Imitation being the sincerest form of flattery, I’m delighted to seize on Dr. Doom’s idea by making a HOF case for this player of whom I’m guessing many of you may not be aware. If you’re not familiar with Hines, he was a center-fielder from the earliest days of major league ball, enjoying his greatest success with the Providence Grays. More after the jump.
Paul Hines played twenty seasons, from 1872 to 1891, amassing 44.9 WAR as measured by Baseball-Reference, including 40.5 WAR for the period since the inception of the NL in 1876. I’ll be basing my argument only on the post-1876 period during which Hines played over 94% of his teams’ games (he missed only 10 games over the first 9 of those seasons) but compiled fewer than 7000 PA. Therein lies the basis for the Hines’s HOF argument: projecting his same level of play over (much) longer modern seasons easily puts Hines in the HOF conversation with career totals well north of 60 WAR. But, before we get to that, let’s take a look at Hines’s career.
Hines debuted in 1872, aged only 17, in the second season of National Association play, competing for a Washington club making its debut in that circuit (for Hines, it may well have been his home town team, as B-R shows his birthplace as Virginia and a resting place in Hyattsville MD, in modern day suburban Washington). That club (the Nationals) lasted but 11 games (all losses) before folding, so Hines suited up the next year for a new Washington club, the Blue Legs, which managed 39 games before suffering the same fate as its predecessor. But, the young Hines had evidently shown enough in those two seasons to attract the attention of the Chicago ball club for it is there that we find him next.
In a more stable environment in Chi-Town, Hines posted 2.7 WAR seasons in 1875 and in the NL’s inaugural campaign in 1876, and did so with some pop, posting OPS+ scores of 149 and 146. While 2.7 WAR may not seem especially noteworthy, remember that that total was achieved in a season of fewer than 70 games; projecting onto a modern season yields totals of 6 to 7 WAR. The White Stockings were the class of the NL in its first season, posting a 52-14 record to claim the pennant by 6 games. It was a different story the next year as the Chicagoans sank to 26-33 and a 5th place finish. White Stocking hitters had amassed 23.4 WAR in 1876 but cratered to 4.3 WAR the next year, so Hines was certainly not alone in experiencing an off year (0 WAR and 97 OPS+). I don’t know whether that decline gave rise to his departure, but the next year found Hines in Providence, playing for the Grays in that franchise’s first season.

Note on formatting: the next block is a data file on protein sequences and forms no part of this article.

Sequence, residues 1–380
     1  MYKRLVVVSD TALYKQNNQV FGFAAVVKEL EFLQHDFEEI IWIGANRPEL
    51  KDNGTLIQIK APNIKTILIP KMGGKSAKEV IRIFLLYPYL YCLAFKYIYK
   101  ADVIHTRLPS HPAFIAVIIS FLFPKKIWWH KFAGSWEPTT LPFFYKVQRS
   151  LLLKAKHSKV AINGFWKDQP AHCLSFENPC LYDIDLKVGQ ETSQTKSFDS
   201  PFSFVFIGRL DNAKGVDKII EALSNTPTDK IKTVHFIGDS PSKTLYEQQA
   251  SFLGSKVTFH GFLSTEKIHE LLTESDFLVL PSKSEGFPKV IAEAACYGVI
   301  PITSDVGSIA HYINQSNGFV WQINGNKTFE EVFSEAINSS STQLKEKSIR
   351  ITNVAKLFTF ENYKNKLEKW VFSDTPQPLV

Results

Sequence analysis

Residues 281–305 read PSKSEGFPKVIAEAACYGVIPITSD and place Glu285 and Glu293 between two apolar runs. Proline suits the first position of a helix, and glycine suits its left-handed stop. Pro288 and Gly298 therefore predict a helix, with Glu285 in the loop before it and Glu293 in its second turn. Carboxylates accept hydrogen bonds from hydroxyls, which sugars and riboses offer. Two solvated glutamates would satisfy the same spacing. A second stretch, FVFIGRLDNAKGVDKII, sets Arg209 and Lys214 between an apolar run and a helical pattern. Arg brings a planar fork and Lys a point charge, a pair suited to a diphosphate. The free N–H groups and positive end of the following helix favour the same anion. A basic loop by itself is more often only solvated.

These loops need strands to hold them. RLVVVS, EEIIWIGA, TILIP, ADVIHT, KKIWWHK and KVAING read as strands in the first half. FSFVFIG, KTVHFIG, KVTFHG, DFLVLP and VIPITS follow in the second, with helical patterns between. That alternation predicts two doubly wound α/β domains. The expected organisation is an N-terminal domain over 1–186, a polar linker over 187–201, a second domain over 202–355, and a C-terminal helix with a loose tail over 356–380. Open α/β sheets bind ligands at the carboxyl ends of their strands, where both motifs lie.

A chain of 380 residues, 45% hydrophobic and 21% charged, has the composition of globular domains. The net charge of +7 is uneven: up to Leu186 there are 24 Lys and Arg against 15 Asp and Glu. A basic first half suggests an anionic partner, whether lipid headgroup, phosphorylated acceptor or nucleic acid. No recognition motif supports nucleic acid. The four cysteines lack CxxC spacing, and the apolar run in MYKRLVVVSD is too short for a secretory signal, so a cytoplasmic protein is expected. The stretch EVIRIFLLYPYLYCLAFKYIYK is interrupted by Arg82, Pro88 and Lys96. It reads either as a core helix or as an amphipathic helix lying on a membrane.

Hines enjoyed his greatest success in Providence, playing there for all eight seasons of the franchise’s existence, during which the Grays claimed two pennants and posted three runner-up finishes. In his first year for his new club, Hines recorded baseball’s first triple crown season, while also leading the NL in SLG, OPS and TB. On May 8th of that season, playing against the Boston Red Stockings, Hines is credited with the major leagues’ first unassisted triple play, though whether that’s what really happened has long been the subject of controversy.
In an expanded season in 1879, Hines led the Grays to the pennant, successfully defending his batting crown and matching his career best 177 OPS+ from the year before, while also leading the league with 146 hits and 197 TB (more than 140 years later, the former mark remains the best in any season of fewer than 90 games, while the latter has been eclipsed only three times, most recently by Yordan Alvarez last season). Hines also played every inning of that championship season as the Grays’ center-fielder, among over 1200 CF games compiled for 1876-91, the most over that period and one of only three players with as many games at a single position.
Hines continued his strong play throughout his time in Providence, amassing 26.6 WAR over 705 games and 3250 PA (equivalent to five modern seasons of 141 games and 650 PA). Included was a second championship season in 1884, and a sweep of the post-season series against the AA champion New York Metropolitans.